Critical WordPress Plugin Bug Afflicts 700K Sites

WordPress Bug in 5.0

Researchers are urging users of the GDPR Cookie Consent WordPress plugin to update as soon as possible.

A popular WordPress plugin, which helps make websites compliant with the General Data Protection Regulation (GDPR), has issued fixes for a critical flaw. If exploited, the vulnerability could enable attackers to modify content or inject malicious JavaScript code into victim websites.

The plugin, GDPR Cookie Consent, which helps businesses display cookie banners to show that they are compliant with EU’s privacy regulation, has more than 700,000 active installations – making it a ripe target for attackers. The vulnerability, which does not yet have a CVE number, affects GDPR Cookie Consent version 1.8.2 and below. Earlier this week, after the developer was notified of the critical flaw, the GDPR Cookie Consent plugin was removed from the plugin directory “pending a full review” according to the plugin’s directory page. The  new version, 1.8.3, was released by Cookie Law Info, the developer behind the plugin, on Feb. 10.

“There were a number of code changes, but those relevant to security include a capabilities check added to an AJAX endpoint used in the plugin’s administration pages,” according to researchers with Wordfence this week. While Wordfence disclosed details of the vulnerability, it was discovered by Jerome Bruandet, a security researcher with NinTechNet, who also detailed his findings in a Wednesday post.

The vulnerability stems from improper access controls in an endpoint used by the WordPress plugin’s AJAX API, a web development technique used to create web applications. That endpoint is the “_construct” method within the plugin, used for initializing code for newly created objects. Once actions are created they are sent via AJAX to the “_construct” method; however, this process fails to implement checks.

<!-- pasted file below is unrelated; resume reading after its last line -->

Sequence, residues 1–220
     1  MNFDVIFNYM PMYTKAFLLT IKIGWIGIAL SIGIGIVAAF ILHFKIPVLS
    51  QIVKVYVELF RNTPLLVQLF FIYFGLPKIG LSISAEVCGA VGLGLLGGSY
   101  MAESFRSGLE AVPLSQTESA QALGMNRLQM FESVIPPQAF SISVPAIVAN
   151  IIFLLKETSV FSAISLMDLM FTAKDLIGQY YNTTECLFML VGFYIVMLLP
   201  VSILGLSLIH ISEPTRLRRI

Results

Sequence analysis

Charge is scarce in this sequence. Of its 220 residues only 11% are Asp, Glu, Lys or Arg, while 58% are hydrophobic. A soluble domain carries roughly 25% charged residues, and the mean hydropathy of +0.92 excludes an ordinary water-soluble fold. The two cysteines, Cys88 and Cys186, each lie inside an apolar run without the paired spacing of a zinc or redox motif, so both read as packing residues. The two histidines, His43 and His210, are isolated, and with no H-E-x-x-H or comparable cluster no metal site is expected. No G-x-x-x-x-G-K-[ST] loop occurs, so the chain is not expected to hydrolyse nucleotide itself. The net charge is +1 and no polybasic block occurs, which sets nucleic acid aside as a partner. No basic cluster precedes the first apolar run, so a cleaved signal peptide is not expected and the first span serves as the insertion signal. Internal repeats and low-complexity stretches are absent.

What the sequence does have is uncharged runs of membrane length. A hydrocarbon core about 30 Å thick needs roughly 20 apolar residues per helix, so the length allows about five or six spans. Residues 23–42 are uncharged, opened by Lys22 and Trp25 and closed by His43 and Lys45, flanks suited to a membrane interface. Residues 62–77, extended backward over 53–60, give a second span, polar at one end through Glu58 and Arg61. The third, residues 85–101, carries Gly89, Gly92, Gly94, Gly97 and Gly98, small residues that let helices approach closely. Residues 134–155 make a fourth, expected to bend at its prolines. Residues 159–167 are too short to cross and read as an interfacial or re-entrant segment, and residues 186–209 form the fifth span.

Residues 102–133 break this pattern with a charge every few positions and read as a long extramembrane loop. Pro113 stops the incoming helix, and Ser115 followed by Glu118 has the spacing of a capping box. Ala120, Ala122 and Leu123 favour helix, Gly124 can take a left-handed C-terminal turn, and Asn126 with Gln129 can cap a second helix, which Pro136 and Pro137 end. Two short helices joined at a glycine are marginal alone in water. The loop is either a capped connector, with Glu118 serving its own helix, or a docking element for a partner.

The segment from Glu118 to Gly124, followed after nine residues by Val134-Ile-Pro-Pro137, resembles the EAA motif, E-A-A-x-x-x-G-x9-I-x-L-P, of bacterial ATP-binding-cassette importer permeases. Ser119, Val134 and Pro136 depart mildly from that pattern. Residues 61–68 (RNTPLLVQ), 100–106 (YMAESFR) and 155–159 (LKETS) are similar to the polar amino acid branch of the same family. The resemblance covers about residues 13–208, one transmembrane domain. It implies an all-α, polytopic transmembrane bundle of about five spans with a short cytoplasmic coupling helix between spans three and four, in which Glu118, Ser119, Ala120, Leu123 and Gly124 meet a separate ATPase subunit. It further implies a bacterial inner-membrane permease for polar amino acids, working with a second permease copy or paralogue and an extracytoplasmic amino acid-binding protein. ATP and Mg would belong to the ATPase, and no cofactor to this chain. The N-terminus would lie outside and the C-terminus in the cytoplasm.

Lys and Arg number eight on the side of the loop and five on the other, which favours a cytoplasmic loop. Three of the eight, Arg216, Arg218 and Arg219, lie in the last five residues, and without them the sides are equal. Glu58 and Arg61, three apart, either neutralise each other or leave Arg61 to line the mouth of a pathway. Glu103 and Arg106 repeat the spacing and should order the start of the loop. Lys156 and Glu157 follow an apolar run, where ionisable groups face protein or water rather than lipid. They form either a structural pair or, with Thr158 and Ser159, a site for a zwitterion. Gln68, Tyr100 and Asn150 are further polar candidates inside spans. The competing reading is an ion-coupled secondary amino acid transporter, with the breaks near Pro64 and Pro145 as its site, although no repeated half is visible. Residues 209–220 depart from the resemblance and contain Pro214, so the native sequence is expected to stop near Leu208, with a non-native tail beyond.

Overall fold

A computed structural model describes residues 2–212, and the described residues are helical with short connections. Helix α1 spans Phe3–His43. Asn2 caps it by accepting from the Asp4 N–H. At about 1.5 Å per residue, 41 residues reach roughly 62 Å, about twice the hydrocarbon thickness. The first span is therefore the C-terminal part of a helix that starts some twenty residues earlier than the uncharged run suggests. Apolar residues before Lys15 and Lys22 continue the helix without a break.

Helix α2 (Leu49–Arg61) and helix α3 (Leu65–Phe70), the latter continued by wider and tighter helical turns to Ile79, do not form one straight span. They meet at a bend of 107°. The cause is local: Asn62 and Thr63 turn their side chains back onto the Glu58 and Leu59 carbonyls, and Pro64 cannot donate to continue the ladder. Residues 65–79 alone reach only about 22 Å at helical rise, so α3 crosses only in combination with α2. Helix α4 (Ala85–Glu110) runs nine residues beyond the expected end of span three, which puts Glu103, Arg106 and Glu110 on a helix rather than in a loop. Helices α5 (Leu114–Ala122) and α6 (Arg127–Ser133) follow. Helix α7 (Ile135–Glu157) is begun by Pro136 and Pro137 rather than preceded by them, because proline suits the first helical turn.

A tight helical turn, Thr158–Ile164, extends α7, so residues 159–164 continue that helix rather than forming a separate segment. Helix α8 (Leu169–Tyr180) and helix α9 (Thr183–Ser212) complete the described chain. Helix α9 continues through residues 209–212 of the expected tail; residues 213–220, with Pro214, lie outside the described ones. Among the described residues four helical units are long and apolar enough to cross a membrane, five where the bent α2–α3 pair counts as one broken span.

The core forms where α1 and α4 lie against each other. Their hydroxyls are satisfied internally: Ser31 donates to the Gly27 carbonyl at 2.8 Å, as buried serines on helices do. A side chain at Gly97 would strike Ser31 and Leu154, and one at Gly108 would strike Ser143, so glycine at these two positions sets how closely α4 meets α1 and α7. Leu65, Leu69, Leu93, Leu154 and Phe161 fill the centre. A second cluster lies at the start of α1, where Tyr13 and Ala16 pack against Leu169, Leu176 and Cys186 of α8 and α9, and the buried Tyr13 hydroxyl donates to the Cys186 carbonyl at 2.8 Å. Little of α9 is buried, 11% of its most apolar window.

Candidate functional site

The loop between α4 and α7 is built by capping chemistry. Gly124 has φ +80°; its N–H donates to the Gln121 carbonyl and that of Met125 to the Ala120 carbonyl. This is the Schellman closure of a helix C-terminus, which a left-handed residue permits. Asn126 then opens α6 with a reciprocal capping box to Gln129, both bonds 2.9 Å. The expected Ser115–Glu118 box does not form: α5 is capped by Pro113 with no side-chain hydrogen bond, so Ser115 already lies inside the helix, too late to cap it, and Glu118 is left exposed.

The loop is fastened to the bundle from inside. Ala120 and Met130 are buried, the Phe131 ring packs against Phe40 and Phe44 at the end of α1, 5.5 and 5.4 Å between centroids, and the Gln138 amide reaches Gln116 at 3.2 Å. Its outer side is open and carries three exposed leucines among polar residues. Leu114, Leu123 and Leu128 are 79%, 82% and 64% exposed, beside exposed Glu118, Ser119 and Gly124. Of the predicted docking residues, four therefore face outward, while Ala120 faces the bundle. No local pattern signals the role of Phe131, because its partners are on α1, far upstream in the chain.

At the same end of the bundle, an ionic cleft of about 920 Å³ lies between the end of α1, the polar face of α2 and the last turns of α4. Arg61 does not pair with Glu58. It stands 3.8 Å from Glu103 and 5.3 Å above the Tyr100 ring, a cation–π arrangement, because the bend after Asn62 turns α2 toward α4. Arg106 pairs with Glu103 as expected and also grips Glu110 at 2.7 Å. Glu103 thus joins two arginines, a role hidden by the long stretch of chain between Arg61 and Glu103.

Because of this, the AJAX endpoint, intended to only be accessible to administrators, actually also allowed subscriber-level users to perform a number of actions that can compromise the site’s security, researchers said. A subscriber is a user role in WordPress, usually the with very limited capabilities, including logging into the website and leaving comments.

The “_construct” method accepts three different values from the AJAX API. Two of them, save_contentdata and autosave_contant_data, can be leveraged for exploitation by an attacker.

The save_contentdata method is used to allow administrators to save the GDPR cookie notices to the database as a page post type. However, since this method is not checked, an authenticated user or a subscriber can modify any existing page or post (or the entire website),  and take them offline by changing their status from “published” to “draft.”

“Additionally, it is possible to delete or change their content. Injected content can include formatted text, local or remote images as well as hyperlinks and shortcodes,” Bruandet said.

The other method, autosave_contant_data, is used to save GDPR cookie info page in the background while the admin is editing it, by saving the data into the cli_pg_content_data database field without validating it. However, the lack of checks for this method could allow an authenticated user to inject JavaScript code into the webpage. This code would then be loaded and executed each time someone visits the “” page.

Researchers who discovered it urge WordPress plugin users to update as soon as possible: “This vulnerability has been fixed in version 1.8.3. We recommend that users immediately update to the latest version available,” according to Wordfence.

Learn how Operational Technology and Information Technology systems are merging and changing security playbooks in this free Threatpost Webinar. Join us Wednesday, Feb. 19 at 2 p.m. ET when a panel of OT and IT security experts will discuss how this growing trend is shaping security approaches for IoT and 5G rollouts. This webinar is for security and DevOps engineers, IoT edge developers and security executives.

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